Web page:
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purcell/package-lint 152

A linting library for elisp package metadata

joewreschnig/auto-minor-mode 32

Enable Emacs minor modes by buffer name and contents

joewreschnig/clickhouse-jdbc 0

JDBC driver for ClickHouse

joewreschnig/go-gdpr 0

Golang support for the IAB's GDPR framework

joewreschnig/melpa 0

Recipes and build machinery for the biggest Emacs package repo

joewreschnig/pocketchip-batt 0

Battery polling service for PocketCHIP

joewreschnig/quelpa 0

Build and install your Emacs Lisp packages on-the-fly directly from source

joewreschnig/salt-mode 0

Emacs major mode for Salt States

joewreschnig/sarama 0

Sarama is a Go library for Apache Kafka 0.8, and up.

starteddanlamanna/live-awk-mode

started time in a month

issue closedprebid/go-gdpr

Return a concrete type from vendorconsent/tcf2 Parse functions

Hi,

I would prefer if the Parse and ParseString functions specific to TCF2 returned a ConsentMetadata rather than a boxed api.VendorConsents. This would allow easier access to e.g. the PurposeLITransparency method, and follow the general Go idiom of interfaces for arguments, structs for returns. Unfortunately I don't see how to do this in a compatible way, so I would like to discuss a) is this possible despite some breakage? and b) which kind of breakage is preferred?

The reason it doesn't seem possible is that ConsentMetadata is returned as, and boxed as, as a non-pointer type. So a Parse(data []byte) (ConsentMetadata, error) would have to return a an empty, invalid ConsentMetadata and break the code of anyone checking != nil, but updating the methods and using Parse(data []byte) (*ConsentMetadata, error)would change the type that gets boxed by the version-agnostic Parse.

Personally I think Parse(data []byte) (*ConsentMetadata, error) and using pointer receivers is the better API, but also seems like the breakage more likely to cause runtime errors. (Both cause runtime issues if someone stored the return to an explicit api.VendorConsents, re-boxing it, but the pointer return also affects code that assumes it knows the exact type of a v2 consent boxed by the version-agnostic Parse.)

closed time in a month

joewreschnig

issue commentprebid/go-gdpr

Return a concrete type from vendorconsent/tcf2 Parse functions

I disagree the improvement is subjective; it has a runtime cost and requires noisy casting to use fundamental TCF2 features (#26). But, I understand that even objective improvements need to be balanced against (also objective) compatibility concerns.

joewreschnig

comment created time in a month

issue commentprebid/go-gdpr

Incorrect module version (v1.9.0) in https://proxy.golang.org/

Using a v2.x.y version will require changing the module path for maximum compatibility with go mod tooling, so if you take this route I would hope it includes other deprecations / incompatible fixes (e.g. #31) - otherwise you may be looking at v3 and another new package name "soon".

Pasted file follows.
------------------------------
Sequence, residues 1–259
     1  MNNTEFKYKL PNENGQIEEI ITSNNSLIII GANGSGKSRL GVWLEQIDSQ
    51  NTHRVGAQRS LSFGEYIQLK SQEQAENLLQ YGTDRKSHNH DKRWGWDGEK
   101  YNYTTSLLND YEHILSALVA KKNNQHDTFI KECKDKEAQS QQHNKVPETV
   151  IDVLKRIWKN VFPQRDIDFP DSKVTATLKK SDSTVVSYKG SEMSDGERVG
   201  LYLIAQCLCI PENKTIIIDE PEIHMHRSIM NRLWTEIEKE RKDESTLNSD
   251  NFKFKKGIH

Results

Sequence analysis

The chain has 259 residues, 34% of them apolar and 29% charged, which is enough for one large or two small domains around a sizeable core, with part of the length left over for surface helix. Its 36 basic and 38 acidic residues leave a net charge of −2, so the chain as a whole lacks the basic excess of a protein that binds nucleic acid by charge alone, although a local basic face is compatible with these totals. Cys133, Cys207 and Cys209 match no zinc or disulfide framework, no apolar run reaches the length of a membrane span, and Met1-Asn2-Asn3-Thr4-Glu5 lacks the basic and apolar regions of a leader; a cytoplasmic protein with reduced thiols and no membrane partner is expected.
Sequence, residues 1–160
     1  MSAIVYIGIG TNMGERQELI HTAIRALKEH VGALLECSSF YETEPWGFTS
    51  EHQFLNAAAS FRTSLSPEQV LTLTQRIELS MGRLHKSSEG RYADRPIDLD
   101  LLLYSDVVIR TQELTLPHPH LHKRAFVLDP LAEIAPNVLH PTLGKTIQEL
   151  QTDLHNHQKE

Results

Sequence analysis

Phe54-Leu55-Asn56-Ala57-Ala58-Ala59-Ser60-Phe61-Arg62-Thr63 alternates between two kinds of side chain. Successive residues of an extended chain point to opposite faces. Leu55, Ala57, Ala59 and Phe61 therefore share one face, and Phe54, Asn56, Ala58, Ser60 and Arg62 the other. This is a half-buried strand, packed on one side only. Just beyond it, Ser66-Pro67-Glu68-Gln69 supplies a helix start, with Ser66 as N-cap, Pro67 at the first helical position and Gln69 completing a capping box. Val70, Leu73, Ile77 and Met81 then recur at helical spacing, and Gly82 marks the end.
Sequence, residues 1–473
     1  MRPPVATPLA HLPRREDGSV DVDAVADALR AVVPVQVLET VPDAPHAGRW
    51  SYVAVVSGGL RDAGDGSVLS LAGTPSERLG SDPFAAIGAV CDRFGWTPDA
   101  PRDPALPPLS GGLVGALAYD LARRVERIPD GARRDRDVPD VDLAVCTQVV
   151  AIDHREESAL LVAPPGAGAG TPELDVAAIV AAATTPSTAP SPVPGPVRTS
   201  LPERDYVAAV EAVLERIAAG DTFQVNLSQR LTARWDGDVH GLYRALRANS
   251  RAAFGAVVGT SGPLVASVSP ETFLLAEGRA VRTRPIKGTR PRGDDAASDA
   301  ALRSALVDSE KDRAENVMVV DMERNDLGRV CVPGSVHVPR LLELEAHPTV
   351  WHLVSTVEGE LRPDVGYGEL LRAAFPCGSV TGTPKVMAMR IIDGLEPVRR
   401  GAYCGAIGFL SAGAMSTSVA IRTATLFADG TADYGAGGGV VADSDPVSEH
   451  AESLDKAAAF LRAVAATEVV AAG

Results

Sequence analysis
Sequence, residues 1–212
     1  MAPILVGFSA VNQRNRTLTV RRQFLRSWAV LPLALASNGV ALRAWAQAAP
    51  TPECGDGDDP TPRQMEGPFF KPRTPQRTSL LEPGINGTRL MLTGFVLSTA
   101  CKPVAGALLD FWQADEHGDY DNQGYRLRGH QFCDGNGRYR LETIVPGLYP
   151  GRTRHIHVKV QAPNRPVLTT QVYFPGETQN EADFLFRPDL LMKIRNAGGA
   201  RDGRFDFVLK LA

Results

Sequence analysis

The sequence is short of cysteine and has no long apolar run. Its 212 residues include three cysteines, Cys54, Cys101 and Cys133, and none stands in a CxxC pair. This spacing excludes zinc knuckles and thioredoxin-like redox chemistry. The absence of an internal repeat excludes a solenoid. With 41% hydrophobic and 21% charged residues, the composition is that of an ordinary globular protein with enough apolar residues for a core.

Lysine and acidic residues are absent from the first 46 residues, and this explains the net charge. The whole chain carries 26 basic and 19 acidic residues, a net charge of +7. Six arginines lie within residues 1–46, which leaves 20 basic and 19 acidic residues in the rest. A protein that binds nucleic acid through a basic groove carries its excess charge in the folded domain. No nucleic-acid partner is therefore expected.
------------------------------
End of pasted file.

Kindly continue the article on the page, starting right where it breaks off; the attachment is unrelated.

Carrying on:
I'm not familiar with the details of retraction but if it would let the module get back on the v0.x.y path where compatibility expectations are not so strict, that's the route I would take.

joewreschnig

comment created time in a month

issue openedprebid/go-gdpr

Incorrect module version (v1.9.0) in https://proxy.golang.org/

There's a version of this module in the default proxy which doesn't seem to be in the repository itself.

$ GONOPROXY="*" go get github.com/prebid/go-gdpr
go get: upgraded github.com/prebid/go-gdpr v0.8.0 => v0.10.0
$ GOPROXY=https://goproxy.v10s.net/ go get github.com/prebid/go-gdpr
go get: upgraded github.com/prebid/go-gdpr v0.10.0 => v1.9.0

The associated checksums are:

github.com/prebid/go-gdpr v1.9.0 h1:VhthA8zFjbOA3ASltDK2PWBUWXBFwXXdyrabtndOsBU=
github.com/prebid/go-gdpr v1.9.0/go.mod h1:OfBxLfd+JfP3OAJ1MhI4JYAV3dSMQYT1QAb80DHpZFo=

And the contents appears to be the same as v0.9.0. It is the only such version in the proxy's version list.

This breaks go get, which will now only get this version and not not v0.10.0 or any future versions unless explicitly asked.

created time in a month

push eventjoewreschnig/go-gdpr

Joe Wreschnig

commit sha 465610bb1614e5c9c71506a0fa1f29517ad3eaf9

Make `rangeConsent` and `rangeException` struct types (#30)

view details

push time in a month

pull request commentgoogle/uuid

add Version4 factory to configure UUID generation

If the project had a long history of adding options I would agree, but the ctor interfaces have been stable for years. The best way to ensure a complex set of options is to make an object to stash them in, instead of figuring out the fewer relevant primitives. (That was also the mistake in the pool API.)

no existing functionality to have parity with.

This doesn't seem fair; the reason there's no zero-allocation ctor to claim parity with because you took it out.

rittneje

comment created time in 2 months

Pull request review commentgoogle/uuid